Paulley, who was re-elected on both occasions,[1] faced increased opposition from a "modernizing" wing within the party. There was a growing belief among NDP Members of the Legislative Assembly (MLAs) that Paulley, while a good representative of labour interests, could not lead the party to victory at the polls. In 1968, he faced a leadership challenge from MLA Sidney Green, a labour lawyer from the riding of Inkster in north-end Winnipeg.

The contest between Paulley and Green exposed a number of divisions within the Manitoba NDP. Green claimed (probably correctly) that he was not challenging Paulley on ideological grounds, but his campaign was nevertheless depicted by some as "radical left". Paulley, in turn, was depicted as representing an "old labourite" demographic, unable to reach out to a younger voters or communities which had not previously supported the CCF and NDP.

Paulley fended off Green's challenge by unusual means. During the campaign, eight NDP MLAs signed a letter calling for Paulley to be re-elected such that he could stand aside for Edward Schreyer the following year. Paulley responded to this endorsement by claiming that he had long regarded Schreyer as the best choice to be his successor, though he was somewhat ambiguous as to whether he would actually resign if re-elected.

At the 1968 leadership convention, Paulley received 213 votes to Green's 168. Despite making a half-hearted attempt to retain power, he resigned as leader the following year. Schreyer defeated Green by 506 votes to 177 in the leadership race held shortly thereafter.[4]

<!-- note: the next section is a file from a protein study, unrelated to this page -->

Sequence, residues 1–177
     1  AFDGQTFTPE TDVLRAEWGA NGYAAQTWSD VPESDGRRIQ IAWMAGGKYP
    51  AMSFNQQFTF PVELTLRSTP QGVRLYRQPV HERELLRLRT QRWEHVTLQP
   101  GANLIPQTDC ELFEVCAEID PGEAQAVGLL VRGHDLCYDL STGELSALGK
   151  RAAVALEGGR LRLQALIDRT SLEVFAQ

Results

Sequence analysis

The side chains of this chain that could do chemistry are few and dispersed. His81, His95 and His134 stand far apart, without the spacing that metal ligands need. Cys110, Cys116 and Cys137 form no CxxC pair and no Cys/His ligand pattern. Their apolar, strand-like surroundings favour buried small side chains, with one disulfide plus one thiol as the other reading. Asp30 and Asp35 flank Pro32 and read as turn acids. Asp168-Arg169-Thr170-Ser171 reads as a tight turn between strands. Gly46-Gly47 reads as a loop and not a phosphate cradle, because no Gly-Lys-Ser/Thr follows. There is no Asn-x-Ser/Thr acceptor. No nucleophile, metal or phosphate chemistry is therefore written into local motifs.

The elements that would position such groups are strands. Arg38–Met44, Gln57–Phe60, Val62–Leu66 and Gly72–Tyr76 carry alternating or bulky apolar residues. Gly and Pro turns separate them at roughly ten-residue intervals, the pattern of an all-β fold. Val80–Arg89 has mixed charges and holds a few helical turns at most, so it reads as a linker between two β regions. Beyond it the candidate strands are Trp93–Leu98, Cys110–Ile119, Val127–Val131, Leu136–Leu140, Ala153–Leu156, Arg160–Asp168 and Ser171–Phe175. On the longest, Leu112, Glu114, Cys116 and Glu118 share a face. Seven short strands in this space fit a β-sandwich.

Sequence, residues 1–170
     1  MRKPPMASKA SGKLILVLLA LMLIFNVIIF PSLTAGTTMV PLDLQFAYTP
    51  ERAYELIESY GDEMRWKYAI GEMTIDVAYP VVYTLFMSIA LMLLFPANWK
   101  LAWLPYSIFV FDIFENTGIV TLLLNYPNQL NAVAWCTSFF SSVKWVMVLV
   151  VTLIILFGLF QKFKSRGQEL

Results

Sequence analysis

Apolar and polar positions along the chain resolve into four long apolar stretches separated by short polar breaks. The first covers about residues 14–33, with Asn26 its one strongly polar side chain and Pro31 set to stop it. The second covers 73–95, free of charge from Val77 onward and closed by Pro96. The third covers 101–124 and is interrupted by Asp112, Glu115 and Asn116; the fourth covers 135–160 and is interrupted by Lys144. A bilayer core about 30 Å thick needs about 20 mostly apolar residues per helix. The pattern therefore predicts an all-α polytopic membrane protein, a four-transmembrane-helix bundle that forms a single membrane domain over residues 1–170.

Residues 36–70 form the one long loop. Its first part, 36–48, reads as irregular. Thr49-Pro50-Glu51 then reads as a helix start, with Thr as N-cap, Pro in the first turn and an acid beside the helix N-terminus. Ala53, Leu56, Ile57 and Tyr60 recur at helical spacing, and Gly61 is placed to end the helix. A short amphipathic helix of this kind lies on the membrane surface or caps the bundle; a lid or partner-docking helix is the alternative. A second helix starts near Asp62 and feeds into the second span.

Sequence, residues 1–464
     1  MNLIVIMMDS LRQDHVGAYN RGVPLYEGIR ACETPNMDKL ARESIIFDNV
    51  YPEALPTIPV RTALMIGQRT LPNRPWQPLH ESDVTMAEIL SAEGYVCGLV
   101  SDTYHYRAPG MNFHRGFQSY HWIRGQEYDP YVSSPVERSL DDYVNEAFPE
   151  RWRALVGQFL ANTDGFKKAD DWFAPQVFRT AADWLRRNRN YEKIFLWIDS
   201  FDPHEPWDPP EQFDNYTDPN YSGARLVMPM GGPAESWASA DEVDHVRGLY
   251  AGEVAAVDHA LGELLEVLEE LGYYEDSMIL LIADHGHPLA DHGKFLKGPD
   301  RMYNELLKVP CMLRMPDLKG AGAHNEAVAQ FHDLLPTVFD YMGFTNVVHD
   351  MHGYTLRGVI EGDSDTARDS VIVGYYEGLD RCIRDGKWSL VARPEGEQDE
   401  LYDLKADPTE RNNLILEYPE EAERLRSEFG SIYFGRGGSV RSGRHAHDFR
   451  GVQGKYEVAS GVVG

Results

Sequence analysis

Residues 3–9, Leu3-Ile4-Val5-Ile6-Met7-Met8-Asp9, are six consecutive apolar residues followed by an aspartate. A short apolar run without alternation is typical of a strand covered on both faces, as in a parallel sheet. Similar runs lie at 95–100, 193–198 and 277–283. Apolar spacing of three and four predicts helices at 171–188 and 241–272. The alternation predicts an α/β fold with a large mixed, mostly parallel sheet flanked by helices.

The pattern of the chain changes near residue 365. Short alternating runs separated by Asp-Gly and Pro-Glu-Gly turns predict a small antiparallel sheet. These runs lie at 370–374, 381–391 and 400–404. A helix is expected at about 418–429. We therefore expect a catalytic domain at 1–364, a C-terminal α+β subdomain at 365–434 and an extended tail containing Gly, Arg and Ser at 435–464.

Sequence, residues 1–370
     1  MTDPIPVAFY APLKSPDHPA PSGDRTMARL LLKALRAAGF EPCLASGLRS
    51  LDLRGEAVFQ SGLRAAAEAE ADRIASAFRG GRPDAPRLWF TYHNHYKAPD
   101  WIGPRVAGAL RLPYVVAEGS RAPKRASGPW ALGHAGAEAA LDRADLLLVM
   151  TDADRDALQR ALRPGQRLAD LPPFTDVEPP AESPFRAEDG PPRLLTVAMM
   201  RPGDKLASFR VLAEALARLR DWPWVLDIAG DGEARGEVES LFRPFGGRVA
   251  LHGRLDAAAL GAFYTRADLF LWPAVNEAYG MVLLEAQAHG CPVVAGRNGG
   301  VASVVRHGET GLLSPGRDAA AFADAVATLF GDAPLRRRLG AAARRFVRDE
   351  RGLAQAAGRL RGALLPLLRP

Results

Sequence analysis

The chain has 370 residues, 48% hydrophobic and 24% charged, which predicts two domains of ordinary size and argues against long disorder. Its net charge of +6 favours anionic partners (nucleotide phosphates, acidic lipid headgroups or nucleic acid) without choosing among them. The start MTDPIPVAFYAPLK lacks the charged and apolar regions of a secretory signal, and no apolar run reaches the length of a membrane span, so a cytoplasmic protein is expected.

Under Schreyer's leadership, the NDP won an upset victory in the election of 1969. Paulley was re-elected in Transcona, and was sworn in as Minister of Labour and Railway Commissioner on July 15, 1969. He also became Minister of Government Services on December 18, holding his position until September 3, 1970. He stepped down as Railway Commissioner on February 16, 1973, though continuing to hold the Labour portfolio.[1]

Paulley was one of several MLAs in the Winnipeg area to be targeted by a conservative "citizen's group" in the election of 1973. The group in question convinced the Progressive Conservative and Liberal parties to avoid competing against each other in certain ridings, such that a single "anti-socialist" candidate could be offered. Facing Tory Phil Rizzuto as his only opponent, Paulley nevertheless won re-election[1] by 6275 votes to 4151.

Paulley continued to serve as Minister of Labour throughout the second Schreyer government, also taking responsibility for the Civil Service Superannuation Act and Public Servants Insurance Act, and (after September 22, 1976) the Pension Benefits Act. He did not seek re-election in 1977,[1] and did not play a significant role in public life following his retirement.

Paulley died on May 19, 1984.[1]


  1. ^ a b c d e f g "MLA Biographies - Deceased". Legislative Assembly of Manitoba. Archived from the original on 2014-03-30.
  2. ^ Normandin, Pierre G (1976). "Canadian Parliamentary Guide". {{cite web}}: Missing or empty |url= (help)
  3. ^ "St. Boniface, Manitoba (1947 - 1952)". History of Federal Ridings since 1867. Library of Parliament. Retrieved 2013-08-17.
  4. ^ a b Wiseman, Nelson (1983). Social Democracy in Manitoba: A History of the CCF-NDP. University of Manitoba Press. pp. 100–119. ISBN 0887553664. Retrieved 2013-08-17.
  5. ^ "NDP Aim Is to Form Govt. at Next Election". Saskatoon Star-Phoenix. November 6, 1961. p. 19. Retrieved 2013-08-17.